I was sitting in a ballroom of a New York City hotel. The room was filled to capacity with more than 100 employees seated in teams of six. The room went dark. An over-sized projection screen lit up with a high octane video, punctuated with music and sound effects that put us in the center of the action of six customers’ lives.
You've heard about the Internet of Things (IoT). Yet, less talked about is the power of predictive analytics and how it can drive user experience (UX) across multiple channels. In 2019, we'll see the rise of technological complexity. The right user experience can simplify that complexity.
Looking for ways to get customers to spend more time with your brand? No matter what your business model, gamification can boost engagement. Once you know a few basic principles, you’ll get your audience more active on your website, social media, and more.
Given that we live in a world in which finding ways to cater to customers is vital to the success of your business, UX design is a forward-thinking way to attract and maintain your customers. Let's take a look at how UX design is helping to pave the way for other innovative digital products.
When it comes to product development, there is an important distinction you need to make: either design the “right” product, or design products right. In a day and age where consumers have nearly limitless access to goods on the market, it falls on the user experience designer to design something that will stand out.
It’s early morning. You walk into a hotel conference room to join a group of employees who have gathered for an off-site. After a brief welcome, you’re first up on the agenda. Your goal is to help the team members be authentic with each other – and that requires them to be vulnerable.
Let’s rewind to your childhood for a moment. Do you remember the playground rules? Things like patiently standing in line, taking turns and playing nicely? At their core, these rules were simply a list of positive habits. Habits are a human being’s super power.
With a digital swipe of the calendar page, here we are at the start of a brand new year, full of possibilities. New Year’s resolutions are a great way to plan and activate change. Right? Spoiler alert: They don’t work.
Shifting an organization’s culture is significantly more difficult than the challenges I faced in my first job. But, it still requires a means by which to gauge progress. So, what’s your measure of success? What’s your Cole Haan Moment?
Does change – or even the mere thought of change, ignite feelings of stress in you? Change used to be seen as an event that could be mapped in a straight line. But, that was the mid-90s. Fast forward to today. Change is significantly more complicated.
Sometimes we bump into inspiration, like I did with the book stand at the San Jose, California, airport last month. Sometimes we literally trip over it, as was the case with the spray-painted message I saw last week on a sidewalk in Charlotte, North Carolina.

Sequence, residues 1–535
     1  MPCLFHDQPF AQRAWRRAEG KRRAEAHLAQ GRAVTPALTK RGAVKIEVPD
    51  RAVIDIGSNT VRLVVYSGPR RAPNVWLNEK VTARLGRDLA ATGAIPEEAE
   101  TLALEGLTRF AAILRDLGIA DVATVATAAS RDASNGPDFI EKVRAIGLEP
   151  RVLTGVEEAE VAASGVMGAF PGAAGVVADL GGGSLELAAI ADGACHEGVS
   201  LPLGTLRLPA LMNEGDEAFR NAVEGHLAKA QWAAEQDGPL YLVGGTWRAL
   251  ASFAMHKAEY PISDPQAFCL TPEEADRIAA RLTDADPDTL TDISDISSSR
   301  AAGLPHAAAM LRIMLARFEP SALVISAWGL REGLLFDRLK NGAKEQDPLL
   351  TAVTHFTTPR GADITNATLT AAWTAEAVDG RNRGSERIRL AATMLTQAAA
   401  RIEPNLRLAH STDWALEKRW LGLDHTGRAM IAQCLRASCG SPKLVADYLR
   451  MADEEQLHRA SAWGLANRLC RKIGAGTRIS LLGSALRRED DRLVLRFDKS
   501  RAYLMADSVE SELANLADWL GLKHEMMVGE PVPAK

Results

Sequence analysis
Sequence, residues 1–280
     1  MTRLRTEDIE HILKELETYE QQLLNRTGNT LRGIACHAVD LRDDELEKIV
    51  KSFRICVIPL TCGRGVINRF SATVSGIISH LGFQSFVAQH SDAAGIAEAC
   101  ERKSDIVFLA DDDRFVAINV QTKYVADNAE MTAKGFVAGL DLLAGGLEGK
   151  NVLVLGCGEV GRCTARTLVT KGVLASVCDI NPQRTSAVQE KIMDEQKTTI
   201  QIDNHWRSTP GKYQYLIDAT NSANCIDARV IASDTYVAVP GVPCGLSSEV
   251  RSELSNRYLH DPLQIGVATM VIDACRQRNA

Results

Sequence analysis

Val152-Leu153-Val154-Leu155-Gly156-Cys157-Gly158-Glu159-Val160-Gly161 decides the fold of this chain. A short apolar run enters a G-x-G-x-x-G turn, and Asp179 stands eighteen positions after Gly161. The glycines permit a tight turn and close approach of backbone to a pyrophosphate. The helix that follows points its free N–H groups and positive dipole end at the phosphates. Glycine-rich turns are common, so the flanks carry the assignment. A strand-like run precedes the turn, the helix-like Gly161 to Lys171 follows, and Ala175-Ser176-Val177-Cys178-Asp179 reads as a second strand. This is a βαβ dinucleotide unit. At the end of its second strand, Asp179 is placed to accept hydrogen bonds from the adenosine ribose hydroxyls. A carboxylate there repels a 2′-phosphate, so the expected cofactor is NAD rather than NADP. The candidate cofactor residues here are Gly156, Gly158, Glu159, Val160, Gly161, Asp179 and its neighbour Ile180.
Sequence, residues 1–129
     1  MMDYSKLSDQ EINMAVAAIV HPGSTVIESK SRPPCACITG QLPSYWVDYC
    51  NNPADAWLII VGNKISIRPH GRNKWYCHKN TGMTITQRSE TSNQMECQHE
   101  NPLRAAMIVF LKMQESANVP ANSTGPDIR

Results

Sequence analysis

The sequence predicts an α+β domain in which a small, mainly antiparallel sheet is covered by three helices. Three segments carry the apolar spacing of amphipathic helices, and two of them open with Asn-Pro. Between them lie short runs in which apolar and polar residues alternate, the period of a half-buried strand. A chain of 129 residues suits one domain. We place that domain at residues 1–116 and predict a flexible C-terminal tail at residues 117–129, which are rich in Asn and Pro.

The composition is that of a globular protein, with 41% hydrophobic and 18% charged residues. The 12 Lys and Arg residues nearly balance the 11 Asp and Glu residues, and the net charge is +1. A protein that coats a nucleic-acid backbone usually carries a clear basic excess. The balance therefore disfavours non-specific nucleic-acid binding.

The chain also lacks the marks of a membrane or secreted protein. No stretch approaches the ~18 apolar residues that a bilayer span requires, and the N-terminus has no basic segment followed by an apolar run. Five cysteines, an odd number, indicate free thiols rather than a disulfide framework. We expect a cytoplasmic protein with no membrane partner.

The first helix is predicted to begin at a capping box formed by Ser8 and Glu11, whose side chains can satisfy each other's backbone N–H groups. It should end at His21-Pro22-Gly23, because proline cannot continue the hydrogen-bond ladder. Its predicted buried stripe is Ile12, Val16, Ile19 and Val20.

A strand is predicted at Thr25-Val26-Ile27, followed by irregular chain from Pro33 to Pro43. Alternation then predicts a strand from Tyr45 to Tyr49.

It’s a nice day today here in Charlotte, North Carolina. As I write this, the sun is beaming into our office and the sky is filled with white, fluffy clouds. In stark contrast, a massive hurricane lurks off the coast of our state.
There it was, a message screaming from my morning French vanilla latte – each and every day. But, was I listening? More importantly, was I acting on the nudge? The marketing team at Starbucks has mastered this technique.
We’ve all done it. As we prepare to leave for vacation, we set our out-of-office reply. It’s a way of letting people know that we may be slow to respond while taking a break. However, this particular one had the power to shift the internal work culture.
How often has this happened to you? You’re explaining something to another person and you feel you’re being crystal clear. However, the person you’re communicating with isn’t seeing it the way you are. Two views of the same thing, yet different.
So, it happened again this week. It’s likely happened to you, too — several times. I was driving down a busy road, approaching an intersection. I glanced up and saw the light had turned yellow. My foot instinctively pushed a little harder against accelerator to make it through the light.
Recently, my wife and I passed a group of energetic young girls who had set up an elaborate display of Girl Scout cookies outside of a large store. Their strategy was to intercept the exiting shoppers and entice them to make a purchase.
In the past, it was enough for companies to design great products to bring in customers. The concept was simple: you create something great and give people access to it — and they're going to want to buy it. Times have changed.
Imagine waving your arms to switch on your lights or following a prompt to reschedule a meeting for later because your location and speed indicate that you’re running late. This is the future of user experience design.
In the future, almost every device will be smart. We’ve already seen a huge proliferation of smart devices – from smart printers to smart refrigerators, as part of the Internet of Things (IoT) trend. So, what's around the corner?
Thanks to technology, we have created an on-demand world that consistently delivers personalized communications and experiences to customers. Customer expectations have been raised as a result — and people now expect to have consistently outstanding experiences across the board when they interact with a brand.
Urban Emu is an experience agency with a fast growing team of experience designers, facilitators, strategists, researchers, UX/UI designers, and software engineers that create innovative experiences to improve and transform businesses.
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